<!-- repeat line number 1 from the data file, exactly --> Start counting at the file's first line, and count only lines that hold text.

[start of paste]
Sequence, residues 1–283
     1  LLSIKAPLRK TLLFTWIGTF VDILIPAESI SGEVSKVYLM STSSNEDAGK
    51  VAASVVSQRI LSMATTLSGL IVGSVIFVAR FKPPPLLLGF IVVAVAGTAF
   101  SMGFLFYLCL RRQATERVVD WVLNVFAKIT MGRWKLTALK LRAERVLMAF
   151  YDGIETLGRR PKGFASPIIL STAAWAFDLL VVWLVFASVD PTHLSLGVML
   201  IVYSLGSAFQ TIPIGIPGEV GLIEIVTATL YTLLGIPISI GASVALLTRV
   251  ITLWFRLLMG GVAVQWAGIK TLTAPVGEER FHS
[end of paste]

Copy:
Sequence, residues 1–283